Why you should Play More

Zentangle drawing - Sally Evans
Zentangle drawing – Sally Evans

Playing sounds like it would be easy, but it is more challenging than you think.

Somehow as we get older, the notion of playing becomes serious.

When I used to play tennis, it seemed the only way to get a regular game going was to join a league.

My favorite part was the practice.  I enjoyed the drills with coaches and learning new strategies and no keeping track of the score!

I was more relaxed and having fun.  I was able to let go of my mistakes more easily.

But when the league games began, there was a definite emphasis on the importance of winning.

Believe me, I always enjoy winning more than losing, but somehow when the objective changed from practicing to winning, it took the fun away.

I felt more nervous.  I made more mistakes.

One of the biggest benefits of playing tennis was it gave me lots of opportunities to work on my mindset.  On good days, I wouldn’t dwell on my losing shots and relax into getting another shot.

It’s the same with creating.  

When you create with a sense of playfulness, your mistakes are simply an experiment and a  learning experience.

You feel free to try things with curiosity, and a what if kind of attitude.

You are much more likely to have more fun, be more creative, and more relaxed.

Imagine if someone said the next piece of art you make or the next pie you bake has to be the best one you have ever made?

When you focus on what will people think, will they like it, is it your best work, are you as good as someone else, or you must win, the results are often not as good as when you aren’t worried about the outcome.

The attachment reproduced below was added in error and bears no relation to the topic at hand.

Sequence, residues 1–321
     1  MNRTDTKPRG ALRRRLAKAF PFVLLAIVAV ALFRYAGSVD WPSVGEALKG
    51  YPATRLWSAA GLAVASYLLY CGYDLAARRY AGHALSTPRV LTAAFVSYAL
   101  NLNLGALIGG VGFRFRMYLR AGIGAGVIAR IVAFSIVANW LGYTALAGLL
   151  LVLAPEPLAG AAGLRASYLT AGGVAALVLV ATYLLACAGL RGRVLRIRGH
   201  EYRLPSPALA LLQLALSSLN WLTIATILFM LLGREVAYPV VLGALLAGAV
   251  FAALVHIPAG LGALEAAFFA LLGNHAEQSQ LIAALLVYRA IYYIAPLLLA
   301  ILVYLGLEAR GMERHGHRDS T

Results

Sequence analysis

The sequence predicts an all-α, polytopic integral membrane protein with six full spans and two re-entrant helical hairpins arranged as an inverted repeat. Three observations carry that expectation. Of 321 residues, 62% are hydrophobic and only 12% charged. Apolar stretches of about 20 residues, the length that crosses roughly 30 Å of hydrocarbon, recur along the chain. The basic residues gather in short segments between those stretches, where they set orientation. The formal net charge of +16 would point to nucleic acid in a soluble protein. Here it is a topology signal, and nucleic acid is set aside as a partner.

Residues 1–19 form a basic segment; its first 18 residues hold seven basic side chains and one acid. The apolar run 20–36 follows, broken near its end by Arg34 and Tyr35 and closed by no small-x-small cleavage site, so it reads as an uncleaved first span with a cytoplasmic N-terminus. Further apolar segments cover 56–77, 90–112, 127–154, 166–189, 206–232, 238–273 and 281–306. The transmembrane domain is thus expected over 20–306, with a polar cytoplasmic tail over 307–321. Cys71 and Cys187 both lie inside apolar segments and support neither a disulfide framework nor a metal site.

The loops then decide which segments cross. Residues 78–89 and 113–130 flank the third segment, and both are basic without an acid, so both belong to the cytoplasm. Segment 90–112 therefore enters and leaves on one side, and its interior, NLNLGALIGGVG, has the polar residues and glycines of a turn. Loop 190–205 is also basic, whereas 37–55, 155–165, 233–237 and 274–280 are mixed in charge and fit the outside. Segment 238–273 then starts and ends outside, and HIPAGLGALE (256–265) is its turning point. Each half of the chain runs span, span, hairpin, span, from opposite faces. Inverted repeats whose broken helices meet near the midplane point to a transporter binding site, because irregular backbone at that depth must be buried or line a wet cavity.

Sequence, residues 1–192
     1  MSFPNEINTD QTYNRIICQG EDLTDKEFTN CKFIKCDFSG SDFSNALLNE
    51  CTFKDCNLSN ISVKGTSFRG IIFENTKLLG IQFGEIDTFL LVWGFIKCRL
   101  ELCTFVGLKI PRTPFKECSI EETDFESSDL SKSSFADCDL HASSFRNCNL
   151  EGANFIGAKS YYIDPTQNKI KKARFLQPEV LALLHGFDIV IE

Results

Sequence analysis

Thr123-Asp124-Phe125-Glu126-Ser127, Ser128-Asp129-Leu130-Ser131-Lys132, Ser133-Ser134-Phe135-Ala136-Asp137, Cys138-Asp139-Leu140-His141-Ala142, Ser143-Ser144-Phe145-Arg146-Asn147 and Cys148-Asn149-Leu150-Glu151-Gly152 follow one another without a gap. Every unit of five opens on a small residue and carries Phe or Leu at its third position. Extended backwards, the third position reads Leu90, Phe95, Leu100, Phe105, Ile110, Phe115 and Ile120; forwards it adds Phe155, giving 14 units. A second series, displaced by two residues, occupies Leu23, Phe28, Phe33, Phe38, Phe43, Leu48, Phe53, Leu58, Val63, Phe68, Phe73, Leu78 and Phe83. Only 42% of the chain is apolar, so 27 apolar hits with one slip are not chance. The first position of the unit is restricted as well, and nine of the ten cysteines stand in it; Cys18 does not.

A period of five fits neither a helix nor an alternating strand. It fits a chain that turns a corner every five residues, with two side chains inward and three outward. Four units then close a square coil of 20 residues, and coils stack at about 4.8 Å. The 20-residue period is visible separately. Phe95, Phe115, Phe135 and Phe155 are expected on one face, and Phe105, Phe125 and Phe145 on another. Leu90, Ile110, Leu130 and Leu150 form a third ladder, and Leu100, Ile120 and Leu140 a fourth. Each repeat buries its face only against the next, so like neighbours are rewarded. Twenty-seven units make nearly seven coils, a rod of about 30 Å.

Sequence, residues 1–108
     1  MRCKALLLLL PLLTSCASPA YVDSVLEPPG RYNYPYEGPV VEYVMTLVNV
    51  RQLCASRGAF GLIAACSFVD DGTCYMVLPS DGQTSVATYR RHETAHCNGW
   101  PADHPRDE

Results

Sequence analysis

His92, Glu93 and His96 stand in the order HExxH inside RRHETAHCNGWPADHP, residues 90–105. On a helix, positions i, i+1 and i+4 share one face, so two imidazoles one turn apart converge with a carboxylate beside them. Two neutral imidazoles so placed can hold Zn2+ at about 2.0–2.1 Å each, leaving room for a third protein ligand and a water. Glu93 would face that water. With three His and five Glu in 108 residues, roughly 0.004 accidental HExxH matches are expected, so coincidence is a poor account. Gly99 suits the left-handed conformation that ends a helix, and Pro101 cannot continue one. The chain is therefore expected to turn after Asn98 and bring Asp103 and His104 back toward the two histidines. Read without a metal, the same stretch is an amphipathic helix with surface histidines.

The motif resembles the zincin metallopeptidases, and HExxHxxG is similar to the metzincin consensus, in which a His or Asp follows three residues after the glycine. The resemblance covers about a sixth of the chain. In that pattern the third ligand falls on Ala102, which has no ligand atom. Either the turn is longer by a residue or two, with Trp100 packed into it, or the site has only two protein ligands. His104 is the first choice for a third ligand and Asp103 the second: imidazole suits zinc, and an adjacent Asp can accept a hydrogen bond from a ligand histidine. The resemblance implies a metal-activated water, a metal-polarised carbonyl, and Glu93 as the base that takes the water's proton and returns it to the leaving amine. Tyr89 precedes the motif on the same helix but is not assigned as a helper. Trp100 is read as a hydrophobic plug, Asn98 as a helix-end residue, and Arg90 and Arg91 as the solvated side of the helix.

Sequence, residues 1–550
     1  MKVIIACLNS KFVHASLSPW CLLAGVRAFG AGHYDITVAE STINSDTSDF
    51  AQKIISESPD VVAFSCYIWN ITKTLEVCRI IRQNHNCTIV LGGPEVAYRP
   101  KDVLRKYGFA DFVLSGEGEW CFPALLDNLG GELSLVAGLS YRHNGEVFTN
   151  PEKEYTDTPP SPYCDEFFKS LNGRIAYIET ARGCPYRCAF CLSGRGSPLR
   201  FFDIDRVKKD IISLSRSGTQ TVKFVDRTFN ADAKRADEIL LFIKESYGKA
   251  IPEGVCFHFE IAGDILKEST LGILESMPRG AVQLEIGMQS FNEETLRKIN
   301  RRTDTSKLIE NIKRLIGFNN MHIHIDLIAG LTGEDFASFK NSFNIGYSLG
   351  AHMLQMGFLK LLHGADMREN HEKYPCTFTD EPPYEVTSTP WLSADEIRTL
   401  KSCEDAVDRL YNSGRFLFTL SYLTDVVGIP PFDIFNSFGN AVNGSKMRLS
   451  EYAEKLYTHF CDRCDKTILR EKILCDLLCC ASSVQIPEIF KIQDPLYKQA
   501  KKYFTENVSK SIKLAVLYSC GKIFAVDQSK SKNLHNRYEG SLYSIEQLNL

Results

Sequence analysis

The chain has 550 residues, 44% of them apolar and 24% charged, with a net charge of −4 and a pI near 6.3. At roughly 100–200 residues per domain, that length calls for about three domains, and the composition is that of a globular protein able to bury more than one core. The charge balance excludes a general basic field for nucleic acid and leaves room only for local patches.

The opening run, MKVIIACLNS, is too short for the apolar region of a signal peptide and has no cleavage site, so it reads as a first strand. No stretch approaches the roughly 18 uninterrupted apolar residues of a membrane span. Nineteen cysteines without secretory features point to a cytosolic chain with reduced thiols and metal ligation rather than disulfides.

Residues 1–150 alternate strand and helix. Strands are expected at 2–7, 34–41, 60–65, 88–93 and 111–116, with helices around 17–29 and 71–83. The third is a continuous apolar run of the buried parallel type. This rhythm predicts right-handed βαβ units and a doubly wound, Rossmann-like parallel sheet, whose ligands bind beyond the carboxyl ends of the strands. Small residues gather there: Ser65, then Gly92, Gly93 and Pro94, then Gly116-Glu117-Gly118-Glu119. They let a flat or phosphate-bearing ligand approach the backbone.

It doesn’t mean you don’t look at the outcome or analyze something with a critical eye. There is a time and place for that.  

Even then, constructive criticism is key, not just criticism, whether it is from your own brain or from someone else.

Being critical at the beginning stages of doing or creating anything stops the creative process like yanking up a rose by its roots before it had a chance to bloom.

Nurturing with gentle care will help you grow and gain more skills than a whip and a judgemental attitude.  

So, my goal for this year and beyond (sounds a little like Buzz Lightyear from Toy story), is to play more, and to inspire others to play more.

How can you adopt a more playful attitude with the things you want to do?

P.S. Want to reduce stress and be more creative at the same time?
Join the wait list for Pattern Play, an online course coming soon!

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